|Published : 22 Sep 2016, 21:41:51|
Wind power vs methane gas
THIS is about a back page report published by a local English daily on September 21 about China's frantic attempt at setting up wind power generation. Compared to generating wind power, producing methane gas from free raw material (human stool) would be a cheaper and much easier option needing ordinary mild steel tanks, pipelines and pumps for production of unlimited volume of methane gas, with perpetual supply of free raw material.
In Bangladesh we should go all out for this source of never ending supply of methane gas, from free plentiful availability of the raw material needed. This is what we should go for rather than setting up tall wing turning generators that need specialised electrical facility storage and conversion facilities for required voltage for use, since generated voltage will be related to the wind speed, that naturally changes randomly depending on the weather.
The first disadvantage of the wind generator will be the large space needed for each installation to enable the generator driving fans to move facing the incoming wind flow direction that can change from time to time. For this each wind generator may need around 30,000 to 40,000 sq. ft of free area, with no trees obstructing and damaging the large wind blades. Also, the generating voltage will vary depending on the wind speed, and the variable speed generator will generate different voltages at different wind speeds that need specialized electrical setup to transform it to the required voltage for distribution.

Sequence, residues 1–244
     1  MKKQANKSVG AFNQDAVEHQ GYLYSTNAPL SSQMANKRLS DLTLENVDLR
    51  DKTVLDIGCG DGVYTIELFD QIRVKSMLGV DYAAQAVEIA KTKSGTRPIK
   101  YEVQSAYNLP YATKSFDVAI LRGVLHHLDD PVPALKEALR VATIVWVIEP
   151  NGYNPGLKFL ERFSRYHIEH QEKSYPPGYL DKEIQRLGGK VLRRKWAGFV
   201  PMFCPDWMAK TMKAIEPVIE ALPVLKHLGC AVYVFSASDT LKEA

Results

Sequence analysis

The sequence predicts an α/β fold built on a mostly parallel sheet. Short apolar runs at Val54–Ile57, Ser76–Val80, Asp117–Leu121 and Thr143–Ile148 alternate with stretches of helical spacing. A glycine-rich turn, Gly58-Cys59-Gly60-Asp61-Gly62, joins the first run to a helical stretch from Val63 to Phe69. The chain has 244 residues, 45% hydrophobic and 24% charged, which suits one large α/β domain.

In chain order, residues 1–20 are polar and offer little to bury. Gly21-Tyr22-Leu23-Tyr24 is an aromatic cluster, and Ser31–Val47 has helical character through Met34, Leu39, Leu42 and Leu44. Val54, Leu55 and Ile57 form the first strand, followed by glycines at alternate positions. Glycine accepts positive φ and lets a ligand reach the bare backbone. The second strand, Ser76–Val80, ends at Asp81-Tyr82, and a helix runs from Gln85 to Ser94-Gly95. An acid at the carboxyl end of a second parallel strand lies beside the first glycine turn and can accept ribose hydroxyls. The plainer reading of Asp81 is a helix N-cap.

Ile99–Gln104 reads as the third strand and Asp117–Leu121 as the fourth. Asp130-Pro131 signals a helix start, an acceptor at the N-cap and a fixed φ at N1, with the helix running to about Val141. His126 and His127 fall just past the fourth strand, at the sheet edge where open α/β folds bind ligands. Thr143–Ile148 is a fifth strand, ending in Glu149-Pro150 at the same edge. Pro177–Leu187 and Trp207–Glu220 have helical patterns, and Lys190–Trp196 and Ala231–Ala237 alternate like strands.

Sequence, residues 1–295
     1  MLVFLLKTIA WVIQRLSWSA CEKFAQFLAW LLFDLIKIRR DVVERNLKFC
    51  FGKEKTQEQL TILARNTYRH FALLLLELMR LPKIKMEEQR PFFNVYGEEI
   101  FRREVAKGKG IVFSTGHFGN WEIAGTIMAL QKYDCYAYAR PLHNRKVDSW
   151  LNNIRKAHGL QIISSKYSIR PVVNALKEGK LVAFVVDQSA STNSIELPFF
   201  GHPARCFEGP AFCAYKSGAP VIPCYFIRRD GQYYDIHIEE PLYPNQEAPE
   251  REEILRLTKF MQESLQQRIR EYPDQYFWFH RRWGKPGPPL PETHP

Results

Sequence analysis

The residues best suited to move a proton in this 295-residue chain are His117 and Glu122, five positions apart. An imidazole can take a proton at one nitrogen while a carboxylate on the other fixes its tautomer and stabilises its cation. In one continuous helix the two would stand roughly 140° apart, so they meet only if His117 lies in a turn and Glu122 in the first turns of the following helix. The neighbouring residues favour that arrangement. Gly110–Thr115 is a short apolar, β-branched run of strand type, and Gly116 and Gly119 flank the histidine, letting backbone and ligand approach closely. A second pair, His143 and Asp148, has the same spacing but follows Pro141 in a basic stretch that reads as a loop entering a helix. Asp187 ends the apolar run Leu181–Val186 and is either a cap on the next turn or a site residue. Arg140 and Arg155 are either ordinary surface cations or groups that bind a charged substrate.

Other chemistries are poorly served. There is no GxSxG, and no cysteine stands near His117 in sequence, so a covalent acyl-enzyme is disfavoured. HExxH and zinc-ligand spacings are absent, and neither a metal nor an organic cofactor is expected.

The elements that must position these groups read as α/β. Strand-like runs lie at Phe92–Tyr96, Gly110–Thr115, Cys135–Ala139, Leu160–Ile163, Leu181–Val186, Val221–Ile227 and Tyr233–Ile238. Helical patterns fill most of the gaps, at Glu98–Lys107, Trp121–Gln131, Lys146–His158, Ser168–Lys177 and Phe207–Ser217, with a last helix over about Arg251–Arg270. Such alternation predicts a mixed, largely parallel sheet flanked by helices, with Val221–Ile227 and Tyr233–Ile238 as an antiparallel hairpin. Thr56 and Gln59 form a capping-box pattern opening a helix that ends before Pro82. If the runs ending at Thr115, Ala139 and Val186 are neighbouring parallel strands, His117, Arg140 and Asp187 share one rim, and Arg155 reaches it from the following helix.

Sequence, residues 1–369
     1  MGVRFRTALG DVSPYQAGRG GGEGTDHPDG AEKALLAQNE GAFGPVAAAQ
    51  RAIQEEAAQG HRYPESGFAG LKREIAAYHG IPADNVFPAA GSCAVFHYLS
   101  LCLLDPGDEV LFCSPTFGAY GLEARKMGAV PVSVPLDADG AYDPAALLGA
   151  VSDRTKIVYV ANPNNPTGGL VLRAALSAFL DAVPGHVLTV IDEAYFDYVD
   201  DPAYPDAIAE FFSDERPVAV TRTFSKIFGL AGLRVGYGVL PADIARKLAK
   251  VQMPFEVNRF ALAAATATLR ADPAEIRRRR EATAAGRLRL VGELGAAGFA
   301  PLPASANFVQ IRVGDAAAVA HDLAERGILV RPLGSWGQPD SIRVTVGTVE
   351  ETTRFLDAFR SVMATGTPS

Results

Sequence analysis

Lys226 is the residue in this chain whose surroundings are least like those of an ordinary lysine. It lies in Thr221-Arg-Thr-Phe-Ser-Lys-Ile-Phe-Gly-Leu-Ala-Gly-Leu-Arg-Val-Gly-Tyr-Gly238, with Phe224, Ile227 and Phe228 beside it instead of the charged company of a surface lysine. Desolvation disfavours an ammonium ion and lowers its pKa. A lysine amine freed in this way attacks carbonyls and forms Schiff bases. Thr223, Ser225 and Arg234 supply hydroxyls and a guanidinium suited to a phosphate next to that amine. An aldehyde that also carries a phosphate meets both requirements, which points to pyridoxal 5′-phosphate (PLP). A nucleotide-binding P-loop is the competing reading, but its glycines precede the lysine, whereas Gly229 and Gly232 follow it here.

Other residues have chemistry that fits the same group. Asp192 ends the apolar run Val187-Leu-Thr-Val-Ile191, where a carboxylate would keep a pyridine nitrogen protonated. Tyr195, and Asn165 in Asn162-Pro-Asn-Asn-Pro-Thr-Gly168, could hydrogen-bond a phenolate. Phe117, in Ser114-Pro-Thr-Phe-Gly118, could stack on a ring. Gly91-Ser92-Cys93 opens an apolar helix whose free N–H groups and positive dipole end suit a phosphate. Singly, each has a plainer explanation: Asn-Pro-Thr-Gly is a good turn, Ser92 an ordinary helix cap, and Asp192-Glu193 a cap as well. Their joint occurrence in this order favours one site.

In contrast, human stool is free. It only needs mild steel tanks for anaerobic decomposition of stool and pumps to blow out the methane gas generated, and standard compressors to store this gas in mild steel tanks at the pressure needed for distribution. Except for pumping the methane gas, all the other work needed can be handled by unskilled rural labour or latrine cleaners of many cities and towns. Also the solid odourless residue, left behind, after methane is extracted can be mixed with used lubricant oils and greases and ash from cooking or coal and wood dust (from furniture makers) mixed together and compressed into fuel cakes that can be used in rural and other 'chulas' and by blacksmiths for heating their materials. We can also use the raw sewage that is often being pumped out from the sewage treatment plant in Dhaka and other towns, liberating germs and other biologically dangerous materials that adversely affect public health about which we are seemingly unaware or ignore it today. Given these realities, we should go all out for recovering methane gas from human stool, rather than treating it and spreading potential diseases into our rivers that rural people use for washing and bathing!